“One of the greatest benefits of LTE-Advanced is the ability to do carrier aggregation or CA, which permits network operators to aggregate spectrum bands fragmented by legacy allocations into broader bands that enable faster data rates. Initial CA launches are well underway, and aggregation of two 10×10 MHz carriers can enable peak data rates of 150 Mbps. Qualcomm is developing technology that will aggregate two 20×20 carriers for 300 Mbps peaks. The LTE future is all about broader and broader bands.
“AT&T is deploying CA with its 700 MHz and AWS allocations. Sprint plans to deploy CA across portions of its Spark network to aggregate 2.5 GHz carriers with PCS or 800 MHz carriers, adding a third channel to its two-channel configuration next year to boost theoretical download speeds to 180Mbps. And broad bands are possible without CA. T-Mobile has deployed 20+20 in Dallas (which means it has 20 MHz paired blocks contiguous) and will bring its 40MHz LTE network to 90% of the top 25 markets by the end of 2015.
“In the AWS-3 order adopted today, the FCC chose a contrary approach. It instead pursued carrier disaggregation, dividing one proposed 10×10 block of spectrum into two 5×5 blocks.
“As we previously argued, the AWS-1 auction results demonstrated clearly that both auction demand and auction revenue flows first and most freely to larger blocks with larger license sizes. For this reason, we supported the band plan as originally proposed by FCC Staff.
“The disaggregated blocks will still draw significant interest at auction, I’m sure. Spectrum after all remains a scarce resource, and this order represents important progress in bringing this valuable spectrum to market. Any fragmentation driven by the auction design will no doubt be fixed in the secondary market – history shows us that this is inevitable (see AWS-1). But secondary market fixes means money was left on the table. And where revenue is essential to pay for relocation costs and to meet other U.S. priorities, that should matter.”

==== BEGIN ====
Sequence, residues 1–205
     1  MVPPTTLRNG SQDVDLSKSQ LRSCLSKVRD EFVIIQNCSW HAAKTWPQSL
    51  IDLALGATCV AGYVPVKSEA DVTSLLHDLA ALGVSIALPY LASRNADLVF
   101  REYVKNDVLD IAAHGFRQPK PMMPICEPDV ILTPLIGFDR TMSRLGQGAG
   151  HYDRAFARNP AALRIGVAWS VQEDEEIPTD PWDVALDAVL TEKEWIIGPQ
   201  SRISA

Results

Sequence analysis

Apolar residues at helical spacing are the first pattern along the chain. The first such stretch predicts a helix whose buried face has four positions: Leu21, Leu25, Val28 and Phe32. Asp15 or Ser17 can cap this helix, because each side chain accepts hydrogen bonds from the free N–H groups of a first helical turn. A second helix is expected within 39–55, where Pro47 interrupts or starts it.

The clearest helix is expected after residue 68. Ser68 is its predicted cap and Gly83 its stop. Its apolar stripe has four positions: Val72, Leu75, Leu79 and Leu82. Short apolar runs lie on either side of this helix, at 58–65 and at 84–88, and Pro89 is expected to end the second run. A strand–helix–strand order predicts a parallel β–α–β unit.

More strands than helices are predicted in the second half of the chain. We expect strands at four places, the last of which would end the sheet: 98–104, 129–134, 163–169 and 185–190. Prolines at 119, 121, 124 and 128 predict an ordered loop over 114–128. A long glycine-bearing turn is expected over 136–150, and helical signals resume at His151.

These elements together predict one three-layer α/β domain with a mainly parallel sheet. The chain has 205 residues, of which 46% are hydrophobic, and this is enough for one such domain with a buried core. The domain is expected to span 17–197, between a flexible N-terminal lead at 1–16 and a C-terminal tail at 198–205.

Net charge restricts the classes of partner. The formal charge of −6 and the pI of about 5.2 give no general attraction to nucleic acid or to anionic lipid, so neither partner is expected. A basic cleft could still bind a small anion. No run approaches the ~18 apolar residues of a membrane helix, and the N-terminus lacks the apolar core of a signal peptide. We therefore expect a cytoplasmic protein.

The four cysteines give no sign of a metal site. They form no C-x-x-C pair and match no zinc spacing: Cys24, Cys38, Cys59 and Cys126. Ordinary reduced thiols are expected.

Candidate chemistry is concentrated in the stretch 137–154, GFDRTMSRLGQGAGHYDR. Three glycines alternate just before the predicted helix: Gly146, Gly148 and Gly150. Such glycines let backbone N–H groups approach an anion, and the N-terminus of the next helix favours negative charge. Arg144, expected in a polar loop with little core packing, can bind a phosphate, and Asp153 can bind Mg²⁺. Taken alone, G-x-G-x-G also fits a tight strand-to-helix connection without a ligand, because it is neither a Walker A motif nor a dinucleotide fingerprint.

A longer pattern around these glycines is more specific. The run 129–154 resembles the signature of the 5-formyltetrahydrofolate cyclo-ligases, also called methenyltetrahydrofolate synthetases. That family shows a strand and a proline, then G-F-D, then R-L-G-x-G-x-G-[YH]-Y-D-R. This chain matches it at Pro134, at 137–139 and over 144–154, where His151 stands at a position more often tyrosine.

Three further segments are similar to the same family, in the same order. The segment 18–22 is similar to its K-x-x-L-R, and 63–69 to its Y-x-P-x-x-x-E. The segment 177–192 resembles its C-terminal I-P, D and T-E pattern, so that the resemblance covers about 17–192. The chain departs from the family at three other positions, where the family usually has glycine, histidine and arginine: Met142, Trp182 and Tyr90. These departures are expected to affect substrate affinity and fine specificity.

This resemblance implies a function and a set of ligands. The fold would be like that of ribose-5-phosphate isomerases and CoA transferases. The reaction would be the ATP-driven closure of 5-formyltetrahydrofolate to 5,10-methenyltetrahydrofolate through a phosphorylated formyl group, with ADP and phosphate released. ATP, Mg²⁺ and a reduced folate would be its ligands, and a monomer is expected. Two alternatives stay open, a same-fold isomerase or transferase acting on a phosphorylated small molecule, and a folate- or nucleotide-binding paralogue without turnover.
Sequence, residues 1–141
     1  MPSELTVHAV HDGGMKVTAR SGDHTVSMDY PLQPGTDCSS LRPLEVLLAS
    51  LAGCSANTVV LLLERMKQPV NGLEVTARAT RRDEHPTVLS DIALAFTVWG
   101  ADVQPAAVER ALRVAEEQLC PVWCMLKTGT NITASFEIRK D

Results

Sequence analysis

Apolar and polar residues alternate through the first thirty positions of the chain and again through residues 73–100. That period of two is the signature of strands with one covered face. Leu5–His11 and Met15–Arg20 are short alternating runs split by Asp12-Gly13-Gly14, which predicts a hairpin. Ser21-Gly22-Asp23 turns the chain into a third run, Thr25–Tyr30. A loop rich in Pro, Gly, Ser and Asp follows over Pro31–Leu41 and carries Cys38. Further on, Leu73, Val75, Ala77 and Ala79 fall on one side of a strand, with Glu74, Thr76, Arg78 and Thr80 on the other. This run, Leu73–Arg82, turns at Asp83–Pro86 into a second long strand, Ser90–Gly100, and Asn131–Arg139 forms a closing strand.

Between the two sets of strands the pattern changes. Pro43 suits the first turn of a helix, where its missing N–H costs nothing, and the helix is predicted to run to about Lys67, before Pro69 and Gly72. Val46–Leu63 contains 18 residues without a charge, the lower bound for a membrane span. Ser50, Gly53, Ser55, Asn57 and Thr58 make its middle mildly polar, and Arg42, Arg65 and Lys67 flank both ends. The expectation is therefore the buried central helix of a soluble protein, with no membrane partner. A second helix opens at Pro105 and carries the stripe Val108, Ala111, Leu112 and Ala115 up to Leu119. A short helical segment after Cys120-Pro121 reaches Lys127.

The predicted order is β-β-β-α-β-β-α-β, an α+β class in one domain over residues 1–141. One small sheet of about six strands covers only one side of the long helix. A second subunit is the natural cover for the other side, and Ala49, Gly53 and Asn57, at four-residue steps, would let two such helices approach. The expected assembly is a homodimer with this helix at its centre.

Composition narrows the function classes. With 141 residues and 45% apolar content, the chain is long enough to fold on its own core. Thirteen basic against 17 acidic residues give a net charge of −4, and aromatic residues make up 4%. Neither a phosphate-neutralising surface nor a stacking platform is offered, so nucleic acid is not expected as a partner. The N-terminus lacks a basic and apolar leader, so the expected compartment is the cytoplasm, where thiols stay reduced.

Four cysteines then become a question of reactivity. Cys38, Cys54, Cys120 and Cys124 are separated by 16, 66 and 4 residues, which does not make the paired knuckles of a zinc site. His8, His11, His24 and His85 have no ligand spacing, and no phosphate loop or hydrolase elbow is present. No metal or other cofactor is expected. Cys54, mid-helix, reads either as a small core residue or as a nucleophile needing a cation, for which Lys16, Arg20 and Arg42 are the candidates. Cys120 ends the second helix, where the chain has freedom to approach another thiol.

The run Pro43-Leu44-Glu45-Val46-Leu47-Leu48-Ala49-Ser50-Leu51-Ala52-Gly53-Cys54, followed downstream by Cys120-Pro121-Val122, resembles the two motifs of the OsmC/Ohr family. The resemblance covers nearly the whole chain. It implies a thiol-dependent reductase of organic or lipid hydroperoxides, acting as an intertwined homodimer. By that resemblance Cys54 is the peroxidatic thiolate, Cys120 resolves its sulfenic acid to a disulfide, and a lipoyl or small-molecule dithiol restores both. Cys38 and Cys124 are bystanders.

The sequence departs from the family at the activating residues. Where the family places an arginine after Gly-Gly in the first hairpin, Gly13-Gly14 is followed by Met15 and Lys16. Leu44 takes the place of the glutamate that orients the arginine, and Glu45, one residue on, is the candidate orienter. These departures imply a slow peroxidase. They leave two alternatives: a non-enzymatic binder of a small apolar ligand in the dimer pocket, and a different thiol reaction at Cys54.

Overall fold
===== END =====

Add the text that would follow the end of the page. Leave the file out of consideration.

Posted by: Jim Cicconi on March 21, 2014 at 4:08 pm
I saw Reed Hastings’ blog yesterday from Netflix asserting in rather dramatic fashion (with diagrams) that ISPs should build facilities (he said provide, but those facilities have to be built) to accept all of Netflix’s content – indeed all of the content on the Internet – without charge. Failure to do so, according to Mr. Hastings, was a violation of “strong net neutrality rules” and bad public policy. I thought it might be helpful to unpack those assertions so we could get right down to the core of Netflix’s rather radical proposition — that people who don’t subscribe to Netflix should nonetheless pay for Netflix. Here are some undisputed facts upon which everyone should agree.
First, let’s all accept the fact that the advent of streaming video is driving bandwidth consumption by consumers to record levels. Increased bandwidth consumption and faster broadband networks like our Gigapower service in Austin, Texas (and soon Dallas) are requiring all service providers to drive more fiber into their networks to create the capacity necessary to deliver those services to consumers, whether the service providers are delivering a wireless or a wireline product. This phenomenon was at the heart of our Project VIP investment announcement in November 2012 and it is true of companies like Cogent, Level 3 and CDNs like Netflix as well.
Second, we should accept that companies must build additional capacity to handle this traffic. If Netflix was delivering, for example, 10 Terabytes of data in 2012 and increased demand causes them to deliver 20 Terabytes of data in 2013, they will have to build, or hire someone to build, the capacity necessary to handle that increased volume of traffic. That increase in traffic from Netflix is, by the way, not only the result of a likely increase in online viewing by existing subscribers, but also due to an increase in Netflix’s customer base (it announced a 33% increase in subscribers from 2012 to 2013 – good for Netflix).